AMES, Iowa – Some vegetables are planted in the garden using small plants (transplants) rather than seeds. This is standard practice with warm-season vegetables like tomatoes, peppers and eggplant and is becoming the practice with cucumbers, squash, cantaloupes and watermelons because transplants shorten the time by several weeks between planting and harvest. Horticulturists with Iowa State University Extension and Outreach provide answers to questions that will increase gardeners’ success with transplants. Contact Iowa State Hortline at email@example.com or 515-294-3108 to have additional questions answered.
Select short, stocky plants with dark green foliage. Avoid tall, spindly plants. Small to medium-sized transplants become established in the garden more quickly than large ones. Short, stocky vegetable transplants are often more productive than large plants with flowers or fruits. When selecting annual flower and vegetable plants, large transplants are usually not the best choice.
Annual flower and vegetable plants started indoors or purchased from greenhouses should not be planted directly into the garden. The intense sun and strong winds may damage or kill the tender transplants. Plants should be “hardened” (acclimated to outdoor growing conditions) before transplanting them into the garden. Initially place the plants in a shady, protected location. Then gradually expose the plants to longer periods of direct sun. Closely watch the plants during this period. If possible, check on them at least once or twice a day. Thoroughly water the transplants when the soil surface becomes dry to the touch. Move the plants indoors if strong winds, a severe storm or an overnight frost threatens them. Transplants should be ready to plant after six or seven days of hardening.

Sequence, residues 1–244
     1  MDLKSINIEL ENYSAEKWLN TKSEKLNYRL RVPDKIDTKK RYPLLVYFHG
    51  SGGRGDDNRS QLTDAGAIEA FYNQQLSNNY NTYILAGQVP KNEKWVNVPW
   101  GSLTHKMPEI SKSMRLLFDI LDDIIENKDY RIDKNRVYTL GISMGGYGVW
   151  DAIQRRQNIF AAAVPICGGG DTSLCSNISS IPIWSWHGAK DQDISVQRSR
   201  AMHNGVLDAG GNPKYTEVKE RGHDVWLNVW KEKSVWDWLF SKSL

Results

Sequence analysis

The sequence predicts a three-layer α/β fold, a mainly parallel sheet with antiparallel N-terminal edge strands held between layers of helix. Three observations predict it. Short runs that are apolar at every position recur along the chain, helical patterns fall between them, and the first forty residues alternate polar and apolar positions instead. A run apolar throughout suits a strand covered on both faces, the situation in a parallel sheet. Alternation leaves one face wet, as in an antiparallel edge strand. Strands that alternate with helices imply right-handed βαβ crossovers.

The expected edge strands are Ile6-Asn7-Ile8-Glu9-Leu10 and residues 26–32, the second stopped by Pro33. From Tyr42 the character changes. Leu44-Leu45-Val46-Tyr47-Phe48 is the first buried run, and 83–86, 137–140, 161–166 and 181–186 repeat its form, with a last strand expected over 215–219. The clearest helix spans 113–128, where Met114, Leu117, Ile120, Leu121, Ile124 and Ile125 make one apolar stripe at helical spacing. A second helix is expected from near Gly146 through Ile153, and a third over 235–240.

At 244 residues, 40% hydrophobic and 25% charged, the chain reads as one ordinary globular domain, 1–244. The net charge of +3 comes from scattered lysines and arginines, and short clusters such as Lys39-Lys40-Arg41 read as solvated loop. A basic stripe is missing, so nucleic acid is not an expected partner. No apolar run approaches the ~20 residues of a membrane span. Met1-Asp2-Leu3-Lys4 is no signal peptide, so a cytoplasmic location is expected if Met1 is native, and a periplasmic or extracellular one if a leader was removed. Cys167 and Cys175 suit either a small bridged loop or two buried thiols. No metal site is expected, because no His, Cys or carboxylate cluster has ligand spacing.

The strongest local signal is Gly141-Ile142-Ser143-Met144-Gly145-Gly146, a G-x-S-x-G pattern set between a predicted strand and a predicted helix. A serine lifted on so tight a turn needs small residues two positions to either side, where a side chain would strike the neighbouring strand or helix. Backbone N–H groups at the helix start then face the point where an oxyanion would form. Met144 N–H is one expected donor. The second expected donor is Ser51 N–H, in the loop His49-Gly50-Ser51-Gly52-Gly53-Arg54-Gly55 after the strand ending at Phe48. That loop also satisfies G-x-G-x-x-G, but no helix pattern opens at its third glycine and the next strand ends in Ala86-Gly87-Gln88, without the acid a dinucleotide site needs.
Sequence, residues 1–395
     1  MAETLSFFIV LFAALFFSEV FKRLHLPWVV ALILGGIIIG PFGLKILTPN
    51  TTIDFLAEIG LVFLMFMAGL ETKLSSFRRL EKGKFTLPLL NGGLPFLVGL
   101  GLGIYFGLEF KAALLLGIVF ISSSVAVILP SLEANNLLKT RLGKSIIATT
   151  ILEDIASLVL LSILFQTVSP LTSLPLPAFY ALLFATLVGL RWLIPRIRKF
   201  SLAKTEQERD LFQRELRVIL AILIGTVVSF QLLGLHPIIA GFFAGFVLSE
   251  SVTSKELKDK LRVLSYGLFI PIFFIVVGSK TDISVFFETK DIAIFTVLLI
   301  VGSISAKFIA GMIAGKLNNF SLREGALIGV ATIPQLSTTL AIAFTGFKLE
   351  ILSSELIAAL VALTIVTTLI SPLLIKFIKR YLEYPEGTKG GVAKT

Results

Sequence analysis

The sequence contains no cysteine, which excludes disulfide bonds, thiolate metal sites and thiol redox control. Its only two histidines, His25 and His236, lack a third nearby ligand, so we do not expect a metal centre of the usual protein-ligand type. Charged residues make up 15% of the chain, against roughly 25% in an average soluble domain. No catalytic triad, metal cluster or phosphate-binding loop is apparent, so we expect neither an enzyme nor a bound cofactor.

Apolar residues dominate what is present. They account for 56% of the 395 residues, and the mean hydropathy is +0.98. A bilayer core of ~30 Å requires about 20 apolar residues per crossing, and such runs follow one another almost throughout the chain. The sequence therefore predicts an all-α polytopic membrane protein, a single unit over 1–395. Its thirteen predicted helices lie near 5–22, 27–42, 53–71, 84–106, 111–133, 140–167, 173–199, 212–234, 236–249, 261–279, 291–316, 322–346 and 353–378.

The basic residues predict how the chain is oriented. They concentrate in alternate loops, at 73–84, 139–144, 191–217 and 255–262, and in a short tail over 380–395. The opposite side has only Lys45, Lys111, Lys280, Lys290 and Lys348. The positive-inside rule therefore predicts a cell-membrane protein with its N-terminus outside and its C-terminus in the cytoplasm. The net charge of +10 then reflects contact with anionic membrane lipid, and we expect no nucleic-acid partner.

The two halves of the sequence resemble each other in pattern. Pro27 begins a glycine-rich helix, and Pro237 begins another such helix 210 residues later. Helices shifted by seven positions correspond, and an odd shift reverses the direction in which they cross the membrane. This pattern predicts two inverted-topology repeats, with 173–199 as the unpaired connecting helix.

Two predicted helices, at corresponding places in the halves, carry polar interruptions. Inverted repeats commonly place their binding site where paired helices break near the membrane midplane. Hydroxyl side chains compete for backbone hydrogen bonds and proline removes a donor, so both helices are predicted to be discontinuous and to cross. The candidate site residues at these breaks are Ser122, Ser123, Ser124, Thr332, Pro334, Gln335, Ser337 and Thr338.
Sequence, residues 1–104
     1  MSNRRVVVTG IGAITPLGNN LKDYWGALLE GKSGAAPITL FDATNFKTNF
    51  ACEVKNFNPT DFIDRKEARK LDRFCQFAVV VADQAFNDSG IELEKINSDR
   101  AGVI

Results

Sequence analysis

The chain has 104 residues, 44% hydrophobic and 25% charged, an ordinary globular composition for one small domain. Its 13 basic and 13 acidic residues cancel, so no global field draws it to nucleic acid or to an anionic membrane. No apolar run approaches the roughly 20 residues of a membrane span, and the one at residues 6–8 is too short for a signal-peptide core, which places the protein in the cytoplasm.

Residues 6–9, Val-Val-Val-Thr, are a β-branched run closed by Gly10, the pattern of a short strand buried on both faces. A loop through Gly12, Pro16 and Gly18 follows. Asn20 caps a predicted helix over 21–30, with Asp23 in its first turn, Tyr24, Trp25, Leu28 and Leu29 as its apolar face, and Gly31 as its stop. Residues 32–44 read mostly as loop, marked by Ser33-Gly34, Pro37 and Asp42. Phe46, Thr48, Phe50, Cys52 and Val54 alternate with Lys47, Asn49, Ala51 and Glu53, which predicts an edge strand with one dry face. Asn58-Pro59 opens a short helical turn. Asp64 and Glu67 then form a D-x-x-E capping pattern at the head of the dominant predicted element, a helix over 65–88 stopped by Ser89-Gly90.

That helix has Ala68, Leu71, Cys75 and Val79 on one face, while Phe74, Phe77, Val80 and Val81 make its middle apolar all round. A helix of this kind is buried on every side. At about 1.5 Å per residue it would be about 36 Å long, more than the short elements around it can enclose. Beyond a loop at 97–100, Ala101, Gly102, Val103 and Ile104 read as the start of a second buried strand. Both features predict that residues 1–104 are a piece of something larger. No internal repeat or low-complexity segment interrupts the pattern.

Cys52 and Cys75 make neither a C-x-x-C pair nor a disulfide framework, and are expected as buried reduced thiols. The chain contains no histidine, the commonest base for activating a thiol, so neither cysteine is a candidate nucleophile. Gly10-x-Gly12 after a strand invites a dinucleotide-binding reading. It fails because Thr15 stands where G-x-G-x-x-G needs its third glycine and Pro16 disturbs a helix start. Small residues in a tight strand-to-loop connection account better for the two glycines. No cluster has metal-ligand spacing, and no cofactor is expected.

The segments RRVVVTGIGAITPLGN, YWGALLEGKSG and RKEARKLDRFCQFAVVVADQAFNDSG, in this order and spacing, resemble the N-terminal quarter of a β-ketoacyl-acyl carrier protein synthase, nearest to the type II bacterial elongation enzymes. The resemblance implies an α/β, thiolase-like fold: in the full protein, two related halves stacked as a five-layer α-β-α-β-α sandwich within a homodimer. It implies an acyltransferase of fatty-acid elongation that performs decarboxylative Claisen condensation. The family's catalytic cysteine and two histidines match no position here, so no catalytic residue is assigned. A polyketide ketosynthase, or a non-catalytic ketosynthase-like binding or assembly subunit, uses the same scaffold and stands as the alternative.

Carefully remove plants from plastic cell packs by gently squeezing the bottom on each compartment. Plants in plastic pots can be removed by tipping them on their sides and tapping the bottom of the pots.
If possible, plant annual flowers and vegetables in the garden in the evening or on a cloudy day. Planting at these times lessens transplant stress and allows the plants to recover somewhat before being exposed to the strong, mid-day sun. Place plants in the ground at the same depth or slightly deeper (no more than ½ inch deeper) than they were in their containers. (Tall, leggy tomato plants can be planted much deeper than previously grown as roots will develop all along the buried stems.) Many annuals, such as petunia, snapdragon, salvia and periwinkle, should be pinched back to encourage branching. Others, such as impatiens, are self-branching and don’t require pinching. It’s also advisable to remove flowers on blooming annuals. Blossom removal aids plant establishment. Vegetable transplants should not be pinched.
After planting, water each plant with a dilute fertilizer solution. A dilute fertilizer solution can be prepared by adding a small amount of a water soluble fertilizer (such as Miracle-Gro) to one gallon of water.
Most annual flowers should be planted outdoors when the danger of frost is past. A few frost tolerant annuals, such as pansy, sweet alyssum and snapdragon, can be planted in mid to late April. Cabbage, broccoli and cauliflower transplants can be planted outdoors in early April in southern Iowa; gardeners in northern counties should wait until mid to late April. Tomatoes, peppers, cucumbers, melons and other warm season vegetables should be planted after the danger of frost is past.